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Water Supply in the Provinces


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The house in Biliran is under construction with good progress. We built a simple house on the property in 2013 for the family after Yolanda so we are aware that the water situation is less than ideal. The property is near the end of the line for the city water supply and there are times during heavier usage that the pressure drops to zero. Now we are building a two story house and need to do something. Here are the options as I see them.

A 1,000 litre or so stainless steel tank on level control that will fill up with city water when the pressure is good. Add a pump and a pressure tank taking suction on the SS tank and supplying good and constant water pressure. If the tank is sized properly and is able to be topped off every night this would be the cheapest method.

A deep well is what is preferred by the family but they are living in a house with indoor plumbing for the first time and know nothing of pumps. The neighbor has a deep well but it is only 40' deep, which is a deep well in name only. The neighbor has a jet pump which I don't care for. They are not efficient and you have to deal with a pump on the surface. I'm a big fan of submersible pumps but they don't seem to be popular in the Philippines. Has anyone dealt with this issue? 

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27 minutes ago, Moon Dog said:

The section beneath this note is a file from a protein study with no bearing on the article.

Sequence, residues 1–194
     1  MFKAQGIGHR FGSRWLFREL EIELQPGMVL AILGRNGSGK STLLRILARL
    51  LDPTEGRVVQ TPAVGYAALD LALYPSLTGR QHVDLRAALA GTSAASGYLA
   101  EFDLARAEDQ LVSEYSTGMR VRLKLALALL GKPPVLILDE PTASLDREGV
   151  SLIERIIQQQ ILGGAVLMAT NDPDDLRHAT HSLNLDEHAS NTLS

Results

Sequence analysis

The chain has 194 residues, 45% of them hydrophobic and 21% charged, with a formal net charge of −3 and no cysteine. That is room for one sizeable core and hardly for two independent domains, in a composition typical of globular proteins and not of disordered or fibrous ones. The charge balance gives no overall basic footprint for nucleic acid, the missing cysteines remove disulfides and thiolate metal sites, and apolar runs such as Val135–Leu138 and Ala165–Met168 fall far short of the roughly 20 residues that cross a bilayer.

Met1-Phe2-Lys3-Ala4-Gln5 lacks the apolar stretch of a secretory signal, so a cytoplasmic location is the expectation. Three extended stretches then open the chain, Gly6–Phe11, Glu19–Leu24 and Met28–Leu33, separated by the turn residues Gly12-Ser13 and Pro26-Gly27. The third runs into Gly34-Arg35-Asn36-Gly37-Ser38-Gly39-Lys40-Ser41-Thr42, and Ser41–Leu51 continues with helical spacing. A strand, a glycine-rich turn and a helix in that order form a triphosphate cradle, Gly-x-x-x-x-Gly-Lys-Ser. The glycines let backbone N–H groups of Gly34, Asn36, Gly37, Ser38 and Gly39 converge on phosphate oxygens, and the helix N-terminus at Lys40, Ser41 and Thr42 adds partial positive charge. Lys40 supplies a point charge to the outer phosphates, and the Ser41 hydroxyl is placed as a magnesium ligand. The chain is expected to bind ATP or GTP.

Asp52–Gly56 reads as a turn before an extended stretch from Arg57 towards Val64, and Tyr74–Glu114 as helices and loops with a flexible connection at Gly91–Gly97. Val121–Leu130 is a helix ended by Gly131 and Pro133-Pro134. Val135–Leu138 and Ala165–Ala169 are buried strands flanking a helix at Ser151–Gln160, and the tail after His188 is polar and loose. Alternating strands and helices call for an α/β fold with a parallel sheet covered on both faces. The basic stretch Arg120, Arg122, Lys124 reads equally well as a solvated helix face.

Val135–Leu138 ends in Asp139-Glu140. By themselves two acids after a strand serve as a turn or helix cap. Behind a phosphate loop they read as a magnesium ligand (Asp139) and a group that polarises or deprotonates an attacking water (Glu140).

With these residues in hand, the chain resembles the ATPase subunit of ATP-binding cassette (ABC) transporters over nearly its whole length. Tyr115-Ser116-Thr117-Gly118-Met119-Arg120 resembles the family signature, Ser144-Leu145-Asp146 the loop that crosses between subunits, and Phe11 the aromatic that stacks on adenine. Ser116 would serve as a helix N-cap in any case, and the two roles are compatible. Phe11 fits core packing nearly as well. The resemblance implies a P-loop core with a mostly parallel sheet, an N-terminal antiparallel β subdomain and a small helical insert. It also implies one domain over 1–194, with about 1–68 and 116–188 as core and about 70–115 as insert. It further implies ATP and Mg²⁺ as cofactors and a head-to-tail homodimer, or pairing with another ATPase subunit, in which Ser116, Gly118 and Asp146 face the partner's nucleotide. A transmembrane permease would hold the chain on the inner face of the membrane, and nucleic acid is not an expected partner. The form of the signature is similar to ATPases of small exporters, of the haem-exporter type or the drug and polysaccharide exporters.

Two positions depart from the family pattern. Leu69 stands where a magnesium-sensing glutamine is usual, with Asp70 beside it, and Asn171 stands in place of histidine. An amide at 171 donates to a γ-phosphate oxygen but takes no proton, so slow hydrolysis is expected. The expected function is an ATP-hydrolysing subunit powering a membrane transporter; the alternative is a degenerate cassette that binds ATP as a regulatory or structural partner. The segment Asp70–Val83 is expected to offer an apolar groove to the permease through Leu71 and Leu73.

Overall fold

1,000 litre or so stainless steel tank on level control that will fill up with city water when the pressure is good.

That worked well for me when I was in Biliran.  Mine wasn't even stainless steel.  It was just a concrete tank with a waterproof finish.  Cheap, easy to build, and as you said it filled up when the pressure was good and lasted for 3 days of no water.  I cannot remember how many liters it held but the dimensions were aproximately 2 meters by 2 meters and about a meter and a half deep.

Edit.  I just realized you are building a 2 storey so that may not be ideal for you.  My tank was slightly uphill from the one storey house so the lowest part of the tank was at about the height of the ceiling inside the house.  I never minded the water pressure.  It was enough to make a hot water heater operate but only just.

Edited by Dave Hounddriver
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11 minutes ago, Dave Hounddriver said:

  I cannot remember how many liters it held but the dimensions were aproximately 2 meters by 2 meters and about a meter and a half deep.

2 x 2 x 1.5 x 1000 = 6000ltr

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41 minutes ago, Moon Dog said:

Has anyone dealt with this issue? 

I dealt with small water supply aboard a yacht for many years... My wife and I used about 5 gallons per day - almost all for dish washing, cooking and drinking. And we were super careful about water use.

This will all depend on your usage... How many people? How many daily showers? 1,000 liters sounds like a lot, but is really only about 250 gallons... Forget about washing machine or long showers.

Aboard the yacht, showers were brief using a solar shower rinse following the cleaning part in the ocean. Laundry was done by hand using a bucket. Toilet was ocean water flushed.

And a question: are you certain about there always being enough water available from the system, even at night?

If it were me, I would strongly consider drilling a well and using that water, at least, for toilets and maybe laundry. Use the tap water for drinking and cooking?